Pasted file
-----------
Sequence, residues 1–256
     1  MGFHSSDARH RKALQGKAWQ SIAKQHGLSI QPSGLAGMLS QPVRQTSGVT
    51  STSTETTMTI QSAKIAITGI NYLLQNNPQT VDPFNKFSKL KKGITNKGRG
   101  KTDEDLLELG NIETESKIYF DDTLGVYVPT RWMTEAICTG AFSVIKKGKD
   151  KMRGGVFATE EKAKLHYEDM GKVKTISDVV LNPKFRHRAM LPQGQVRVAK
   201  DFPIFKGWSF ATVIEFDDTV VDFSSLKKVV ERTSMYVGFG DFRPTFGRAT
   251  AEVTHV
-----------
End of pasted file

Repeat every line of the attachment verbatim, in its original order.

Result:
Sequence, residues 1–256
     1  MGFHSSDARH RKALQGKAWQ SIAKQHGLSI QPSGLAGMLS QPVRQTSGVT
    51  STSTETTMTI QSAKIAITGI NYLLQNNPQT VDPFNKFSKL KKGITNKGRG
   101  KTDEDLLELG NIETESKIYF DDTLGVYVPT RWMTEAICTG AFSVIKKGKD
   151  KMRGGVFATE EKAKLHYEDM GKVKTISDVV LNPKFRHRAM LPQGQVRVAK
   201  DFPIFKGWSF ATVIEFDDTV VDFSSLKKVV ERTSMYVGFG DFRPTFGRAT
   251  AEVTHV